Our technology is consistent. If we have speech recognition, then we also have databases, and the capability to directly transfer information from one to the other. If we have powerful computing, then we can and will use it in everything from toys, civilian transport, all areas of industry, and military devices. If we have assault rifles and satellite phones, then expect to find them in the hands of fighters in the most obscure corners of the globe. Tusken raiders? Wot? No blaster and communicator?
Where it can be, technology will be automated. If we have speech recognition, then we have automated eavesdropping. If we have sensors and computers, then we have automated anti-sniper and counter battery devices.
Once established, a technology is convenient. Nobody messes around with ticker tape printouts! And, actually, we don’t have memory “cubes” either since sticks are easier to handle.
If a modern technology is not multi-purpose, synergistic, networked, consistent, automated, and convenient, then there has to be a reason why not. Needless to say, most “old” Science Fiction and almost all modern media SciFi fails this test.
For example, the Star Trek tricorder and the communicator should be the same device, should continuously upload to the Enterprise’s computer, and that device would be a semi-autonomous drone beamed down well before humans do. And while we’re at it, my son Kurtzhau points out that Star Fleet should have a Killer class warship equipped solely to beam warp cores into proximity with enemy ships.
Remember that recent bank heist episode of Dr Who? The hi-tech future space bank had worse security than a modern bank would. No cameras in corridors, for a start, and the security details appeared equipped for the Falklands War. And, how about Halo? All that technology and poor Master Chief doesn’t have night vision as standard. And so on.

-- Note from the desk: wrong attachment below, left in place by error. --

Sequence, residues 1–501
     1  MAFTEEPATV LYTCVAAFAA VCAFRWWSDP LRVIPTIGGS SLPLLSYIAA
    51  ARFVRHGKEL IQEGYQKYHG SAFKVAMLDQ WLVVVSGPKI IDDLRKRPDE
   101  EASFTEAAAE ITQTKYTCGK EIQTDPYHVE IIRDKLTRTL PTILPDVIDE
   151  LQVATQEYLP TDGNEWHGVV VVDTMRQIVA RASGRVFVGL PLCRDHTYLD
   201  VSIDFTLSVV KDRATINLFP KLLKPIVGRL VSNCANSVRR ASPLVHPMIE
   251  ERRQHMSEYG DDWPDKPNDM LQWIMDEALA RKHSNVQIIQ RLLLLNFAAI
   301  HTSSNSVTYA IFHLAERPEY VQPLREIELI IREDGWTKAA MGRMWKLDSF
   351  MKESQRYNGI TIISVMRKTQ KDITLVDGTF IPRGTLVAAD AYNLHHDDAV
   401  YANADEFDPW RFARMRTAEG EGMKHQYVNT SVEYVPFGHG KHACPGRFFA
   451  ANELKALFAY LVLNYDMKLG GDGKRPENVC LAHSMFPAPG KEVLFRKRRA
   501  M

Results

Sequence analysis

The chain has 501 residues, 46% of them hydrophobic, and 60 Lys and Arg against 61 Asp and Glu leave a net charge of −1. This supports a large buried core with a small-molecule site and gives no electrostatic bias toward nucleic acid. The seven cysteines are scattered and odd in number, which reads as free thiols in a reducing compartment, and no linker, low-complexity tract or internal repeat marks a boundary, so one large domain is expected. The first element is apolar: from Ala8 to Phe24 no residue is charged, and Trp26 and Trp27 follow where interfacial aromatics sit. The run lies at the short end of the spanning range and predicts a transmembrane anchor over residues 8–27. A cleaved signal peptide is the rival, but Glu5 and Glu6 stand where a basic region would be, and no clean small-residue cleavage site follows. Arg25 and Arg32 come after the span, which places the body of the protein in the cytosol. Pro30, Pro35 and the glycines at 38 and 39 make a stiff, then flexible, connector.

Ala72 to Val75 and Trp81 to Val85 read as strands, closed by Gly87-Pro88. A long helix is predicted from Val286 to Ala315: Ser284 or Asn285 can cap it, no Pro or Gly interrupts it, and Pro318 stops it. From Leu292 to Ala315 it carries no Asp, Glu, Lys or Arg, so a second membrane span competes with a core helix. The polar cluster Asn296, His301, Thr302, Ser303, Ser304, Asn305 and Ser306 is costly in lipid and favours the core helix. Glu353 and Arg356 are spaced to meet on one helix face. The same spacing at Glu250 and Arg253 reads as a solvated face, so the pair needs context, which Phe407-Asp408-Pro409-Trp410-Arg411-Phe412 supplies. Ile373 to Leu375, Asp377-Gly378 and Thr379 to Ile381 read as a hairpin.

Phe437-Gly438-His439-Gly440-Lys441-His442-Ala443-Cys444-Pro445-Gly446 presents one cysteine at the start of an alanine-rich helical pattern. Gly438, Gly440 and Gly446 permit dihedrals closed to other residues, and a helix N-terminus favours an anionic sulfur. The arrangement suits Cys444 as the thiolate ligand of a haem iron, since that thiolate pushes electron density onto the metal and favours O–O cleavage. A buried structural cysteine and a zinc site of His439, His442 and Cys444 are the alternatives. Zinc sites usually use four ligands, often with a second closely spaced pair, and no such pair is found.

I suspect this test applies to all technology, ancient and modern.
In its heyday, it was used for everything from entertainment to weapons (multipurpose); combined with other technologies, for example warships delivering ship-to-shore bombardment (synergistic); used in a coordinated way, e.g. volley firing by musketeers, or fireworks set off to make displays (networked); appeared almost everywhere and did so quite rapidly over a couple of centuries (consistent); from as early as the 17th century people experimented with self-reloading firearms and landmines (automated); and firearms were quickly optimised to be easy to handle and use (convenient).
So that’s what old futures teach us about world building. It’s not so much technical inventions that matter as how humans exploit and connect them. If it can be done, it will be done by somebody somewhen, and a robustly built fictional world will reflect this.
M Harold Page (www.mharoldpage.com) is a Scottish-based author and swordsman with several Historical Adventure books in print. His creative writing handbook, Storyteller Tools: Outline from vision to finished novel without losing the magic is available on Amazon.